More than mammography, your breastmilk may help detect your cancer risk
Breastmilk might offer clues about a woman’s cancer risk, according to a recent research. Early detection of breast cancer is important for successful treatment and long-term survival, but current screening methods such as mammography are not well-suited for young women.
To address this gap, researchers at Clarkson University and the University of Massachusetts, Amherst, are investigating biochemical signatures of breast cancer that are detectable in breastmilk. Comparing breastmilk samples from women with breast cancer, women without breast cancer and women who were later diagnosed with breast cancer, the team identified alterations in protein expression in breastmilk when a woman has or will soon develop breast cancer, which might be due to cancer risk or development.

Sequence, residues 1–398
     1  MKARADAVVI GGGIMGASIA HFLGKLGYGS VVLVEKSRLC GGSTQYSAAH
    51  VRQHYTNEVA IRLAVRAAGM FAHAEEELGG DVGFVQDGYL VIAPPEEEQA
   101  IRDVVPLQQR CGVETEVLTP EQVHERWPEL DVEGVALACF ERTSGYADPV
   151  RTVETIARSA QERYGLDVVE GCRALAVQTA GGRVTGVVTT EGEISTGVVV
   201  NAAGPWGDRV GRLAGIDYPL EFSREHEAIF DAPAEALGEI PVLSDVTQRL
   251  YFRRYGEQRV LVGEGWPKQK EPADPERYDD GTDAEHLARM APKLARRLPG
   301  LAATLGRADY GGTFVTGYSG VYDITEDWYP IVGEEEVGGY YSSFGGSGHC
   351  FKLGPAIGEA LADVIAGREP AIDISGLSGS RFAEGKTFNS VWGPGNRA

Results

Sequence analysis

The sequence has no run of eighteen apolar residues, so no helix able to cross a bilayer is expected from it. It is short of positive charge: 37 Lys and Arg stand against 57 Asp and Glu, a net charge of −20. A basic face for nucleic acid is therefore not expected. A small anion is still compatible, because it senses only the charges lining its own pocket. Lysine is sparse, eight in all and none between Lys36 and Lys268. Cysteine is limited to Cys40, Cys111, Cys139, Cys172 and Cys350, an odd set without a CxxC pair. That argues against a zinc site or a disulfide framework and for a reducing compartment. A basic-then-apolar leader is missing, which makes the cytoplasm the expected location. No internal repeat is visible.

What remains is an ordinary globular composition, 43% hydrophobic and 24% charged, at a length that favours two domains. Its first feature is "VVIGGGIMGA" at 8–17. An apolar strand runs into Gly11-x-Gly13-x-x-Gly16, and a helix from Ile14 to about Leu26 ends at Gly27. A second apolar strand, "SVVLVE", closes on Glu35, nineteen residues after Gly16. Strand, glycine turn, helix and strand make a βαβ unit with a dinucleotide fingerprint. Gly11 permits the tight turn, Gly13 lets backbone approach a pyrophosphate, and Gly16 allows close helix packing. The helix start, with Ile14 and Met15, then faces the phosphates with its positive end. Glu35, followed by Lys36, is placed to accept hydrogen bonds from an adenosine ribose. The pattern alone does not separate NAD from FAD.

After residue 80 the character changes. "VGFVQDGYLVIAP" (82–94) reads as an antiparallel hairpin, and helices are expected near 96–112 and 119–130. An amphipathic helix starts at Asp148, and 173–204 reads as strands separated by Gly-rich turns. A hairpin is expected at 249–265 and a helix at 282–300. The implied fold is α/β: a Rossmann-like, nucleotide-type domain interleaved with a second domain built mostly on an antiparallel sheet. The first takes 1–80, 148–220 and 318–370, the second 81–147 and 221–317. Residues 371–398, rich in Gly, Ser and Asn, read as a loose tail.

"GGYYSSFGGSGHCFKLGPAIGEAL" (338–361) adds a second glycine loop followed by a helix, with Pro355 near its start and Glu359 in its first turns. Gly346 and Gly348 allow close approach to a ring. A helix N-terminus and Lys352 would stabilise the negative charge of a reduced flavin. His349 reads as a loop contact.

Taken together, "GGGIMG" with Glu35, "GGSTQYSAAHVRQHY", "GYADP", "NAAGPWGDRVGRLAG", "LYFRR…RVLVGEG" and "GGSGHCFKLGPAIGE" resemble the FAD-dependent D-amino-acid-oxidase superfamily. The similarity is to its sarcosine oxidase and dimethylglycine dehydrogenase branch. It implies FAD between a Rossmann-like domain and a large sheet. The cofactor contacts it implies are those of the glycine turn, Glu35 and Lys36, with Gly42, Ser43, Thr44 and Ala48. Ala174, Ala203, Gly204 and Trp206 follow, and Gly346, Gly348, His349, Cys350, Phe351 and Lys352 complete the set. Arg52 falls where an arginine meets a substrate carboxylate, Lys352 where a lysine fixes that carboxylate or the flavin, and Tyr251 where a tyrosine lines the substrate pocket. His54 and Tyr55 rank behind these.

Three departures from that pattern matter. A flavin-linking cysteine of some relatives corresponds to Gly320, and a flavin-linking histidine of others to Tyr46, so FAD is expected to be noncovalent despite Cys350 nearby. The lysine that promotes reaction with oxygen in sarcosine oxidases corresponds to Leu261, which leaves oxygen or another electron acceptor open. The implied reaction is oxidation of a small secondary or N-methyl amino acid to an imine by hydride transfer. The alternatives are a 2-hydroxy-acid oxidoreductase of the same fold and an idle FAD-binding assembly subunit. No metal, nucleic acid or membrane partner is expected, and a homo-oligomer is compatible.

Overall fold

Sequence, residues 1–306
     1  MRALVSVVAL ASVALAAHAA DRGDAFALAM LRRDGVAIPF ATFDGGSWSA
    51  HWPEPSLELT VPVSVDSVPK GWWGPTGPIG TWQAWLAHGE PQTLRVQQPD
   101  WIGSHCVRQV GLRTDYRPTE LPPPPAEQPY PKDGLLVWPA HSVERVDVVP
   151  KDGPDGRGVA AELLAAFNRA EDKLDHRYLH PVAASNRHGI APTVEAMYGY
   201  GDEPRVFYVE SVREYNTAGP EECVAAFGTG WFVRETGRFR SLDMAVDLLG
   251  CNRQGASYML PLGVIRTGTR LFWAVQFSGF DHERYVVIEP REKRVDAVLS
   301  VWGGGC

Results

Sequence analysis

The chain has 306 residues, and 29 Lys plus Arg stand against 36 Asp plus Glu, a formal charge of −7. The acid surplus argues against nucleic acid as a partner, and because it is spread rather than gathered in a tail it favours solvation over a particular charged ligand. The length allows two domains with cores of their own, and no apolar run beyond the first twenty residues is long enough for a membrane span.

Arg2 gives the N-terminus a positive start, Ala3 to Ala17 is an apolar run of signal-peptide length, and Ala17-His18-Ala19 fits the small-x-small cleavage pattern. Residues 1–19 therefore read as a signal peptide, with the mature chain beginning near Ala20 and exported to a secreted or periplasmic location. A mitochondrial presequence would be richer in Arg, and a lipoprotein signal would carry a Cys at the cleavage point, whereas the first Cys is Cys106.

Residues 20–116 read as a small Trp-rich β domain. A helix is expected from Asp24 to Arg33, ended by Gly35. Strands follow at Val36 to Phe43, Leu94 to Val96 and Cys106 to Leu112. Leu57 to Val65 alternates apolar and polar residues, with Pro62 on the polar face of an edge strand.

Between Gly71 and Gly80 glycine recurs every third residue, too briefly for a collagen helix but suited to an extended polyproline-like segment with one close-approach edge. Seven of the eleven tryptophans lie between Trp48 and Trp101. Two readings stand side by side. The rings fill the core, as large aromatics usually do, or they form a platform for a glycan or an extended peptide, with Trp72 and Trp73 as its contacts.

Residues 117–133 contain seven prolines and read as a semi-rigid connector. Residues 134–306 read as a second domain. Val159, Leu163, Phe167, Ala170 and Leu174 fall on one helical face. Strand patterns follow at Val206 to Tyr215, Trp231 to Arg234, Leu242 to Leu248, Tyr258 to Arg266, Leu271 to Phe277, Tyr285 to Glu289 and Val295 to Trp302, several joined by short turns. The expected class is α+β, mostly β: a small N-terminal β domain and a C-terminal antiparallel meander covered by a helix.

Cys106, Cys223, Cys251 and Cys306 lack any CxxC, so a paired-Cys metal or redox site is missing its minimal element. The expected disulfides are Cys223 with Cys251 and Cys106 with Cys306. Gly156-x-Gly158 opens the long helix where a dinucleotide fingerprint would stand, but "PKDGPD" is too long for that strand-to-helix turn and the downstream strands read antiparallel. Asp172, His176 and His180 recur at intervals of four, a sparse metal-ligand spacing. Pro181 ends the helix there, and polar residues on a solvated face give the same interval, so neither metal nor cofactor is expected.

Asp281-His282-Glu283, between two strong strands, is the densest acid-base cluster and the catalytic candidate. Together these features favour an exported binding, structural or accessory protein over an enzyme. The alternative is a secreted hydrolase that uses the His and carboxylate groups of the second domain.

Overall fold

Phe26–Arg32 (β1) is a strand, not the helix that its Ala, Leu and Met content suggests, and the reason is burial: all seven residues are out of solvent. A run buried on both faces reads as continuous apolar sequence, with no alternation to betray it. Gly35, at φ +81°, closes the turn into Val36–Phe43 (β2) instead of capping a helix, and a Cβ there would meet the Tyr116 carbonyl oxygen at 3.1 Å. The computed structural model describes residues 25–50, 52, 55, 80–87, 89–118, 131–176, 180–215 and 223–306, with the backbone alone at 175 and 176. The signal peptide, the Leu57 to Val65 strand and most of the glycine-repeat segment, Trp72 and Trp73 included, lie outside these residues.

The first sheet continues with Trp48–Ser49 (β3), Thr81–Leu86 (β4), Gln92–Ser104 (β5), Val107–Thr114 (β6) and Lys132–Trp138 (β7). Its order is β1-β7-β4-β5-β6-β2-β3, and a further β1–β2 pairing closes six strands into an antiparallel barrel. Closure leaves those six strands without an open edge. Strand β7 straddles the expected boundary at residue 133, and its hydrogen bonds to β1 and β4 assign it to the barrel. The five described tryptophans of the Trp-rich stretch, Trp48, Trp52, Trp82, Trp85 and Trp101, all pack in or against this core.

After further validation, the method could offer a new, non-invasive approach to breast cancer screening for women in their childbearing years. Roshanak Aslebagh will present this research at the American Society for Biochemistry and Molecular Biology annual meeting on April 25.
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